As a result of these forensic tests, it is now our hypothesis that although some blood may have been on the cloth, the pink part was originally a piece from a red cargo parachute.

 

The US Army used a color code when dropping supplies and a red parachute signified ammunition being strapped beneath the canopy and risers.

 

This is a color photograph taken from one of the C-47's dropping supplies into the besieged city of Bastogne, Belgium.

This was during the Battle of the Bulge in December 1944 and January 1945 when the 101st Airborne Division and elements of the 10th Armored Division defended the town against numerical superior German forces until relieved.

 

Note the colored parachute canopies. 

We assume that sixty three years of exposure made the red parachute fade to pink. Perhaps the parachute was a white one dyed red for just the purpose of the color code of dropping supplies and a low quality dye was used.


Moreover, human blood looses its red color after some (short) time. When blood is exposed to air it turns from red to brown. This is because iron is a part of hemoglobin (which is what is inside the red blood cells) giving blood its red color. When the iron comes in contact with oxygen in the air it becomes oxidized and turns to a brown color. This is similar to how metals which contain iron become rusty and change from their original
color to a reddish-brown color.

 

Stains known to be from wounds received in 1944

In the Hartenstein Airborne Museum in Oosterbeek, Holland, Battledetective.com found two examples of human bloodstains that originated from wounds sustained in 1944.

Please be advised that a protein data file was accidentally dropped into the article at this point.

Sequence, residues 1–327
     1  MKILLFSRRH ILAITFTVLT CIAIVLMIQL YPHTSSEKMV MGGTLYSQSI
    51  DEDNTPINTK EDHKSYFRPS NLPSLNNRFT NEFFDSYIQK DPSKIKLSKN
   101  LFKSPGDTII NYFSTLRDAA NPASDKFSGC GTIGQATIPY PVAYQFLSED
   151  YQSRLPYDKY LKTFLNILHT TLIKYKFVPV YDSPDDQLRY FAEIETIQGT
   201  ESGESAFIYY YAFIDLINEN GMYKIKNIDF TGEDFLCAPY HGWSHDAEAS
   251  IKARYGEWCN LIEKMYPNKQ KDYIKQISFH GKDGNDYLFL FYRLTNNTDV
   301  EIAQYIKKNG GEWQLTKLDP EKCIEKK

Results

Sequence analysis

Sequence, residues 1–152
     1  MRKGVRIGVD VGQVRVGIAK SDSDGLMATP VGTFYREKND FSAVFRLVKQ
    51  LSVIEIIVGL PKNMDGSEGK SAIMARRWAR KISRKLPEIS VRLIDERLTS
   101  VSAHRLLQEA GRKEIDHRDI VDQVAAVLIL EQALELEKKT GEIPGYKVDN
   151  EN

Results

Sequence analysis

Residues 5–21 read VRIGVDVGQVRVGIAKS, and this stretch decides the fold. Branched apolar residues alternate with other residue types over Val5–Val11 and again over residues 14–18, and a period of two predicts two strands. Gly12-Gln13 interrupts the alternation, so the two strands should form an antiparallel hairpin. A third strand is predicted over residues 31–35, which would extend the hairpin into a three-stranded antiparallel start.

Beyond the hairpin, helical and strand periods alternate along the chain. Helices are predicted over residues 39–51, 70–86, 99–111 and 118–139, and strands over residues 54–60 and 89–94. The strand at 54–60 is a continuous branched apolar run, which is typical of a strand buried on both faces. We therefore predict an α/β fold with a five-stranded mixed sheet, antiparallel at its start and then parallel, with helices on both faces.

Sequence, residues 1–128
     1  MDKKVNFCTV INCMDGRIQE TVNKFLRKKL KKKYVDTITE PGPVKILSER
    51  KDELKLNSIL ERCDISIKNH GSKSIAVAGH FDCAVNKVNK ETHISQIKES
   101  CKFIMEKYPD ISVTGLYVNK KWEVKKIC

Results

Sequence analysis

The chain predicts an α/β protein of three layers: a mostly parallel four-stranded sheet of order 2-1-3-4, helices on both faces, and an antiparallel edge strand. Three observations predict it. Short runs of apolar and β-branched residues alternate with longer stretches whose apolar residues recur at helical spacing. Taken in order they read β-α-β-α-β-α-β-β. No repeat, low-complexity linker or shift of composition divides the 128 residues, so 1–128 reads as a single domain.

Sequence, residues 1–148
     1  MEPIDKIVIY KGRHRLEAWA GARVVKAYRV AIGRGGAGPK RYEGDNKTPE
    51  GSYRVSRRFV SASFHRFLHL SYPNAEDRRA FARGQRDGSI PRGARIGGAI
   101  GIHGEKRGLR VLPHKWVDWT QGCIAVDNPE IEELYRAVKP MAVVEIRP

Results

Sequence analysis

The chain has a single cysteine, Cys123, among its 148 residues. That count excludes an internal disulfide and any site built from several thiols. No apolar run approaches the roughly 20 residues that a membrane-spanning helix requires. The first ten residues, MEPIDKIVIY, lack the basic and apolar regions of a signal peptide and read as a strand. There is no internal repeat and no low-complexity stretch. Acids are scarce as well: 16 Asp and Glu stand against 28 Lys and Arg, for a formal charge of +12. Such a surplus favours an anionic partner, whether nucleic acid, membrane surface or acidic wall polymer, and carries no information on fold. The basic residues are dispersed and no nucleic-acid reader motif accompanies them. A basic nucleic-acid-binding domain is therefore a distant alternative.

This first stain is of the blood of Brigadier General John 'Shan' Hackett, commanding the 4th Brigade of the British 1st Airborne Division during the Battle of Arnhem. Hackett was wounded on the 24th of September 1944 near the end of the battle. He was kept from being taken prisoner by the Germans and was hidden by Dutch resistance fighters for weeks. Hackett's widow donated many items from that period to the Airborne Museum. Among these items is an undershirt which still shows a large dark blood stain. The 63 year old blood has turned almost black.

 

Also on display is a part of the floor in the former Tafelberg Hotel. The building was confiscated by German Field Marshall Model in September 1944 and during the Battle of Arnhem served as a main dressing station and surgical hospital. In 2003 it was partially demolished to build an apartment complex in the rear of the building. The gable of the Tafelberg is still intact and serves as the entrance to the complex today. The floor was also removed from the Tafelberg but a piece of about two foot by a half from one of the former operating rooms was cut from it. The  piece shows blood marks from patients (either British or German)  who were treated in the Tafelberg Hotel in September 1944.  It is now on display in the Airborne Museum. The blood had turned to a dark brown color.